When city life gets to be a bit too much, you can always just move out to the country, right?
Even if you’re not somebody who has a lot of extra money stashed away, maybe you can afford that sort of scenario – in fact, economies being what they are, maybe it’s even more affordable than your life in the city.
Especially if your job's location doesn’t thwart your move – because, say, you make money as a manga artist, and your publisher and editors don’t really care where you send your required quota of comic panels from, just as long as you can meet the goddamn deadlines, what’s your problem, you laggard? – then it makes perfect sense to take your wife (an artist and writer in her own right) and your small crowd of cats and get the hell out of Seoul.
The Korean mangaka Yeon-sik Hong did just that in 2005, when he was in his early 30s, and his thick doorstop of a graphic novel, Uncomfortably Happily, recounts the daily adventures and quotidian doldrums, the struggles and triumphs, he and his wife experienced over a year’s worth of rural mountainside living. It’s drawn manga-style, of course, with the characters depicted in varying degrees of cartoonish depending on their emotional states, with the surrounding environment (and the buildings and vehicles that complicate the landscape) more realistically rendered.
Yes: South Korea is where this novel, first published to great acclaim in 2012, is set.
But the United States and Canada is mostly where this new Drawn & Quarterly edition of the novel is being reviewed – and where, the idea is, it will now be successfully marketed.
Any success will depend on several factors, as ever. Not least of which is the potential for reader affinity with the material.
Well, you know what they say about discrete cultures? About how the similarities can be more powerful than the differences?
There’s not an American I’ve ever met – not in my circle of hopeful creative-types struggling to earn professional wages with their talents and skills while nurturing dreams of producing more personal work, striving to keep the sometimes incongruous gears of wedded bliss meshing smoothly, battling against what can seem like the indomitable fuck-you forces of modern life and one’s own inner demons – there’s not a single damned yankee who could read this detail-rich narrative of Hong's without going, “Whoa, I totally get that! That situation, those feelings – I’ve had to deal with that kind of shit a lot! Oh, hell yes, that’s exactly what it’s like!”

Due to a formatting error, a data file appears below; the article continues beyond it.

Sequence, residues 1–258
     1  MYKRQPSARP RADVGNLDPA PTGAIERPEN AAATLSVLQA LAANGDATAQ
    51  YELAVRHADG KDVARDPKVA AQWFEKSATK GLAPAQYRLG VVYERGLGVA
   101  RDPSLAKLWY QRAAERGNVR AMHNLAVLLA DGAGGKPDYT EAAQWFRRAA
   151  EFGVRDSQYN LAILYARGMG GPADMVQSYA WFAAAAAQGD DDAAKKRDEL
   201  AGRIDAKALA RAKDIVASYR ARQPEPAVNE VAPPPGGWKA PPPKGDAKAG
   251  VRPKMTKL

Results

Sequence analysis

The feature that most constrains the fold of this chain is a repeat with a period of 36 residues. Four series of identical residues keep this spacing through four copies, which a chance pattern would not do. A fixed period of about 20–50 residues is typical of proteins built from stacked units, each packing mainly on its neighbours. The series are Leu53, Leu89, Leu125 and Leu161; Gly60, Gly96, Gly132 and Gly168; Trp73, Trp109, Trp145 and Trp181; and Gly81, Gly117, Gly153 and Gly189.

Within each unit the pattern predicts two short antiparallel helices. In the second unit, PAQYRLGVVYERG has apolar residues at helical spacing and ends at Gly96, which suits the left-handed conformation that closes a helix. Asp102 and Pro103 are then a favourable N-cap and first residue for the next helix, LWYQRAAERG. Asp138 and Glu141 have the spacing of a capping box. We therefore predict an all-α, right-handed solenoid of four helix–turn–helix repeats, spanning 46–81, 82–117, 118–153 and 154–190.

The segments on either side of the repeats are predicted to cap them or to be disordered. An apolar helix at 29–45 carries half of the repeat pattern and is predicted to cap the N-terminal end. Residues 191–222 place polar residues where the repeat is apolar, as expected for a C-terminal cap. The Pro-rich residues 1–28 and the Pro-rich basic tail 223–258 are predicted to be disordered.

Even if you haven’t had to specifically contend with a stream of doltish backpackers tossing trash as they traipse through your front yard, or rig up a coal-burning space heater in the middle of your one-room cottage so’s not to freeze to death during the winter, or argue with an editor who keeps rejecting your work until dozens of seemingly arbitrary changes are made, yeah.
Even if the small dog you adopt isn't equal parts adorable and maddening, yeah.
And one of the reasons this works so well, this sort of commiseration (and occasional joyous celebration), is that the translation was done by Los Angeles-based comics savant Hellen Jo. No problem with vernacular or idiom here: Even when the subject matter is region-specific or culturally arcane, Jo’s got the characters speaking as Americanly as the typical crowd jockeying for iced cappuccinos in a Des Moines Starbucks.
So it’s all, you know, super relatable.
And, finally, this is a D&Q production – so of course Uncomfortably Happily is also a well-made literary object whose paperbound presence will improve the quality of whatever library you’ve got the good sense to gather.